– cas
    Aug 5, 2017 at 10:17
  • actually, i'd suggest not doing it at all - it doesn't provide anywhere near enough value to justify it....but people want strange things.
    – cas
    Aug 5, 2017 at 10:18
  • 5
    Your find ... | wc -l will get the wrong answer if any filename happens to contain a newline. Instead you can do find ... -printf '.' | wc -c so it will print a dot for each match, then count those dots. Aug 5, 2017 at 10:46

The first way to simplify the script would be to save the number of files into a variable so that you don't have to recompute it.

Other ways to come up with the number of files in the current directory:

n=$(ls -l | grep -c ^-)

Here, the simplification is using grep's -c option to count the matches. There's a risk of miscounting the matches when parsing the output of ls if there is a file named $'some\n-file', which pretends to put a hyphen at the beginning of the line.

n=$(stat -c %F -- * | grep -c 'regular .*file')

The .* in the grep is to account for both "regular file" and "regular empty file" matches. The stat command outputs the type of each file, and the * shell glob avoids the concerns with ls.

If you're familiar with bash, but have heard of zsh and it's powerful filename globbing syntax, you could:

n=$(zsh -c 'a=( *(.) ); echo ${#a}')

Where we create an array named a that is populated with the list of files * filtered by only "plain files" with ..

To print the plural correctly, consider a case statement:

case $n in
(1) printf "1 file";;
(*) printf "$n files";;

A case statement would allow more flexibility if you wanted to print different messages for different numbers of files, for example: "No files!".

More simply, consider a conditional:

[[ $n == 1 ]] && printf "1 file" || printf "$n files"

Finally getting around to steeldriver's suggestion:

n=$( files=(*); dirs=(*/); echo $(( ${#files[@]} - ${#dirs[@]} )))
printf "%d file%s" "$n" "$(test "$n" -ne 1 && echo s)"

This assigns a value to n (eventually) by opening a command substitution; inside that temporary command substitution, I create two arrays: files for everything and dirs for only directories. The last act of the command substitution is to report the difference between the two. The printf then prints the number of files along with the appropriate plural suffix.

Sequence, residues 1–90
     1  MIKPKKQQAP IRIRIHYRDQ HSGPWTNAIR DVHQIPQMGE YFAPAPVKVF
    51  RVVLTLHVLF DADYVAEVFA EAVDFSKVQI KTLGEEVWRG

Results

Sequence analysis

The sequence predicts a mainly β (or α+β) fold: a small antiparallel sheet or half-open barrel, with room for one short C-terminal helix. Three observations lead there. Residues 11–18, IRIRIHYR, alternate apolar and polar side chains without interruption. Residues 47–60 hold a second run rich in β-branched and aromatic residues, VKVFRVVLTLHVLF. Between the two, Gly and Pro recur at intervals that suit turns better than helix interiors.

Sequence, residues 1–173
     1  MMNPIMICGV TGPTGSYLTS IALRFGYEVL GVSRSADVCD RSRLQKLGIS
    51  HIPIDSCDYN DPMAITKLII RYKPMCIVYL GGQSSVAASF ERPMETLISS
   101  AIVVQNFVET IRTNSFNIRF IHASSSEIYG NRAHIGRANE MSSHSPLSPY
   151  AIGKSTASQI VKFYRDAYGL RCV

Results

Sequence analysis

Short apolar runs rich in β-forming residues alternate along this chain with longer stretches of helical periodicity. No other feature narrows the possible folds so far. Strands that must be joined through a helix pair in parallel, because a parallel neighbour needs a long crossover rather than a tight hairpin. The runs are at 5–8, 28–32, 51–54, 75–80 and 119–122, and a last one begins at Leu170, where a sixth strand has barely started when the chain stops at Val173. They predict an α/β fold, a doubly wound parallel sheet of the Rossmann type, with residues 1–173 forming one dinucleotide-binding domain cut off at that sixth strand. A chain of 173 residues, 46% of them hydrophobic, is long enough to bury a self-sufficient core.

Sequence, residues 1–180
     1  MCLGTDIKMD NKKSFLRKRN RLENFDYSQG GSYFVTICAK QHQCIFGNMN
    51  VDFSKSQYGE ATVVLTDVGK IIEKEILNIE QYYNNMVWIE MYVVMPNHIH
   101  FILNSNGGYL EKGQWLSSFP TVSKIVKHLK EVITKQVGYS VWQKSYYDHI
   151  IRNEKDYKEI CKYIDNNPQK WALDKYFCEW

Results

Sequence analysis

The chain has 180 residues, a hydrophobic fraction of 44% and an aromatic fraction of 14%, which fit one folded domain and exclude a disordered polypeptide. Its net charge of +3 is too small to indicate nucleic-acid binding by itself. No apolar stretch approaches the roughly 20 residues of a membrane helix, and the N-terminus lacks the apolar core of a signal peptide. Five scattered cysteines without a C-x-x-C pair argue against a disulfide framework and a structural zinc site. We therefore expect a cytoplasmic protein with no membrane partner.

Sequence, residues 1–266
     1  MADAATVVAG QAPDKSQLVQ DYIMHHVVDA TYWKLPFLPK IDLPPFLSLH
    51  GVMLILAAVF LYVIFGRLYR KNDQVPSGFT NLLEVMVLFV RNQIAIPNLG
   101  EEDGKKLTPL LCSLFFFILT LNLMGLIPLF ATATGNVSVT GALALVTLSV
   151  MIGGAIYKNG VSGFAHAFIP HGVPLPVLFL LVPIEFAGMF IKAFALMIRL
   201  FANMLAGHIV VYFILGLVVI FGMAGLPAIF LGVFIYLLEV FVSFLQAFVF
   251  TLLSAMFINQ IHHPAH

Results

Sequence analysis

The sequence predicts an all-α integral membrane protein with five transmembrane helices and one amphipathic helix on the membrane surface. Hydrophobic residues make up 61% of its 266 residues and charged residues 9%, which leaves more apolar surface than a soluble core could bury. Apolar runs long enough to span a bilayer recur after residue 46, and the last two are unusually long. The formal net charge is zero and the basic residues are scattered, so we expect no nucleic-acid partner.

This uses whatever setting you have for dotglob; if you want to force the counting (or omission) of dot-files, then you should set or unset dotglob inside the command substitution:

use the current value of dotglob:

n=$( files=(*); dirs=(*/); echo $(( ${#files[@]} - ${#dirs[@]} )))

enforce counting of dot-files, regardless of current dotglob:

n=$(shopt -s dotglob;
    files=(*); dirs=(*/); echo $(( ${#files[@]} - ${#dirs[@]} )))

enforce no counting of dot-files, regardless of current dotglob:

n=$(shopt -u dotglob;
    files=(*); dirs=(*/); echo $(( ${#files[@]} - ${#dirs[@]} )))
  • 1
    I guess if you wanted to keep it all bash, you could do something like files=(*); dirs=(*/); n=$(( ${#files[@]} - ${#dirs[@]} )) maybe? Aug 5, 2017 at 13:23
find . -maxdepth 1 -type f | awk 'END {printf("%d %s%s\n", NR, "file", (NR > 1) ? "s" : "")}'


  1. find . -maxdepth 1 -type f - search all files in the current directory.
  2. awk 'END {printf("%d %s%s\n", NR, "file", (NR > 1) ? "s" : "")}'
    • NR = number of lines received from the find program, which is equal to the number of files.
    • (NR > 1) ? "s" : "") - if the number of lines (files) more than 1, add the s ending to the file word.

I just made this. Instead of ls I used pathname expansion because if your filenames have weird characters (newlines, for example) it will break up the output.

#!/usr/bin/env bash


for i in *; do
  [[ -f "${i}" ]] && ((n++))

((n==1)) && { echo "${n} file"; exit; }
echo "${n} files"